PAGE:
Federal wage subsidy payments to flow first week of May
Liberals hope the subsidy will prompt companies to rehire many of the 6 million workers who asked for emergency federal aid.
OTTAWA — The first payments from a $73-billion federal wage subsidy program will flow by the end of the first week of May, acting as a buttress against the economic shock from COVID-19.
The Liberals are hoping the 75% wage subsidy will prompt companies to rehire vast swaths of the six million Canadian workers who have asked for emergency federal aid since the pandemic brought the global economy to a virtual standstill.
Online applications will open April 27 and officials expect to have processed 90% of claims by May 4 with payments landing later that week, MPs on the House of Commons finance committee were told April 16.
Canada’s top central banker told the committee the federal fiscal measure would help maintain employer-employee ties to aid in a recovery.
With expectations the freeze on the economy will be lifted before summer, Bank of Canada governor Stephen Poloz warned it might still be some time before the economy is back to its pre-crisis level.
“We’re going to get a V-shaped trajectory, so down very sharply, then of course back up, but not all the way,” Poloz said.
“That’s when it takes another, maybe a year for the economy to get back to the same path that it was on before all this started.”
The longer it takes for economic activity to resume, though, the more likely that businesses will close for good and the longer workers will face unemployment as they look for new jobs.
On April 16, the government announced an expansion to a loan program for small and medium-sized businesses, and promised a new support for companies having trouble paying rent.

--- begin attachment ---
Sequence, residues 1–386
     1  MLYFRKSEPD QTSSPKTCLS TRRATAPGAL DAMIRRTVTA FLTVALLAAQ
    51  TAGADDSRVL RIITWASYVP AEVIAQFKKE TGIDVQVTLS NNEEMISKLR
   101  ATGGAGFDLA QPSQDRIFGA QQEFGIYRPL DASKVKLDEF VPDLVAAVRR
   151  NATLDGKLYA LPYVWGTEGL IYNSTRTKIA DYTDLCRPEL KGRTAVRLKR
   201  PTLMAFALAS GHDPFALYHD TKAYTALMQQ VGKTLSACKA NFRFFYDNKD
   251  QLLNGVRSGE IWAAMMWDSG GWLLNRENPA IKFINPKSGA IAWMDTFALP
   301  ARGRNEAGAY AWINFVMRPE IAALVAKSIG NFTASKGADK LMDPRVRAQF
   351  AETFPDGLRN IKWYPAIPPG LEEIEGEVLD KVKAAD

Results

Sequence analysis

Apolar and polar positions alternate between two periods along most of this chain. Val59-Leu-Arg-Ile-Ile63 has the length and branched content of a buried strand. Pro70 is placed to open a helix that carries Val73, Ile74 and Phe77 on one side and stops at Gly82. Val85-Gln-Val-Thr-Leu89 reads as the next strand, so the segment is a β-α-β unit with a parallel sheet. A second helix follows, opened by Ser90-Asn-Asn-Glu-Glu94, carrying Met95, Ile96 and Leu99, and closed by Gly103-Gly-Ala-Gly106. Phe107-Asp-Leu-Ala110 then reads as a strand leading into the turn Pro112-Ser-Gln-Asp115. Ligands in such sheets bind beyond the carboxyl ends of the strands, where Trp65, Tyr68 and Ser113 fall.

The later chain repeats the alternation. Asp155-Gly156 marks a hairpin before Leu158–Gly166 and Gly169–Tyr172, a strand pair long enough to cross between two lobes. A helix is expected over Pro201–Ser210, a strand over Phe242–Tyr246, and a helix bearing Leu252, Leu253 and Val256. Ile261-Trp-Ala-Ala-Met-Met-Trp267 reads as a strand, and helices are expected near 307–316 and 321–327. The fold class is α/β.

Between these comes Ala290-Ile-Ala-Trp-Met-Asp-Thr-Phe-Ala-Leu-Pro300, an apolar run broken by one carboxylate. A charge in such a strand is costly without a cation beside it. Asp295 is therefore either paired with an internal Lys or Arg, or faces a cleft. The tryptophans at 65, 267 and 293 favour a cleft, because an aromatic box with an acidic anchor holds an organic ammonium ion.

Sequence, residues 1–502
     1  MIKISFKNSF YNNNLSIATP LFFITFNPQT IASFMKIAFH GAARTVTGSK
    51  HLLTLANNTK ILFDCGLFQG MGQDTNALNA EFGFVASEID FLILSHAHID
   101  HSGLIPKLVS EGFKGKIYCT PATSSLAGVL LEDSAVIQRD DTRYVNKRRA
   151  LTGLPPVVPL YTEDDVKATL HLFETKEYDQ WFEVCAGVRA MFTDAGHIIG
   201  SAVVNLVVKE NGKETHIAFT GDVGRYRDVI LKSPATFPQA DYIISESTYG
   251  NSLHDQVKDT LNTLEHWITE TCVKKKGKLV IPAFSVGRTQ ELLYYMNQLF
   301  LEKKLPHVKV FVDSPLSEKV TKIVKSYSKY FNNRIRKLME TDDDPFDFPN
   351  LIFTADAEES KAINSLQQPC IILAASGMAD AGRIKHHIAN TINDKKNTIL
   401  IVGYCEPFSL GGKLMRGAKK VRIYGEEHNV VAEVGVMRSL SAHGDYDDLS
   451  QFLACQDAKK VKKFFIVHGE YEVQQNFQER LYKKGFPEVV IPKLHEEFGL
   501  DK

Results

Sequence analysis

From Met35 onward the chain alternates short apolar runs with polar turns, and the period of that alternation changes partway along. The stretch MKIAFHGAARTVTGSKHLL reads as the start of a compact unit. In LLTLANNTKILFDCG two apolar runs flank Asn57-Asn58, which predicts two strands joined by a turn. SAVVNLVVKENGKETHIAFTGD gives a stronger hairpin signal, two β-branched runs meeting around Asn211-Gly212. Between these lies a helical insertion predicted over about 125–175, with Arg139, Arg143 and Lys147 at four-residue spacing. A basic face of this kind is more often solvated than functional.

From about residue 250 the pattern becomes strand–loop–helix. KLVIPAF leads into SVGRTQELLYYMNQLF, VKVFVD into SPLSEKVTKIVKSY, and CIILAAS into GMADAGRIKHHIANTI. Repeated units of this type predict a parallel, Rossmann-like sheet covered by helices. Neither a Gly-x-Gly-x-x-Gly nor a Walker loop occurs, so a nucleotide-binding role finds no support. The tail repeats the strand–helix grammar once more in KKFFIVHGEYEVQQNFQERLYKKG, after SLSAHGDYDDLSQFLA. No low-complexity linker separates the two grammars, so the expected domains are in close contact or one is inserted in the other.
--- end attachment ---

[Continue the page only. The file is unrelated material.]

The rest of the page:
The Canadian Emergency Business Account will now provide up to $40,000 in government-guaranteed loans to businesses that had payrolls last year between $20,000 and $1.5 million. It previously offered loans to business with a narrower range of payrolls, between $50,000 and $1 million.
“Our government is here to help you through these challenging times. So when we hear the program is not reaching as many people as it should, we make changes,” Prime Minister Justin Trudeau said, acknowledging the criticism the government faced from companies who had felt left out.
Since the loan program was launched last month, businesses have taken out 220,000 loans worth $8.8 billion, Finance Minister Bill Morneau told the finance committee.
The loans are interest-free until Dec. 31, 2022 and if they’re paid off by then, up to 25% will be forgiven.
Pushed about some small businesses that may still not qualify for the help because they pay in dividends or employ contractors, Morneau suggested those workers would qualify for the $2,000-a-month Canada Emergency Response Benefit.
The federal government is also working on a program to help businesses and commercial landlords cover their rents for at least three months, though the details still need to be worked out with the provinces and territories, Morneau said.
The federal government has upped its spending by over $105 billion to cover fiscal help, with monetary policy playing a supporting role as the economy went into a tailspin from COVID-19.
Adding to the shock has been plummeting oil prices — Alberta’s benchmark price is down 90% from the start of the year due to declining demand and a glut of international supply.
Poloz said the central bank would likely have slashed its key interest rate in response to the oil price drop alone.
The Bank of Canada made three rate cuts — two unscheduled announcements — in March to reduce its target overnight rate from 1.75% to 0.25%, which Poloz said is effectively as low as it can go.
“Just on the basis of the drop in commodity prices alone, I would say we would have cut interest rates by at least 100 basis points, such as what we did in 2015,” he said during his final scheduled appearance before the committee before he leaves his post in June.
“Possibly we would have ended up doing all 150 basis points if that were the only shock we were facing.”
The economic shock from COVID-19 is unlike anything the country has ever seen, Poloz said.
A preliminary estimate by Statistics Canada suggested the economy contracted by 9% last month, which would be the worst one-month drop on record.
The central bank on Wednesday announced plans to start buying provincial and corporate bonds on the secondary market to reduce the risk those markets will lock up. Those measures are to inject up to $60 billion into the economy and will last, tentatively, for a year.
The bank is also increasing the quantity of federal treasury bills it’s willing to buy, beyond a $5-billion-a-week purchase, effectively making more low-interest loans to the government.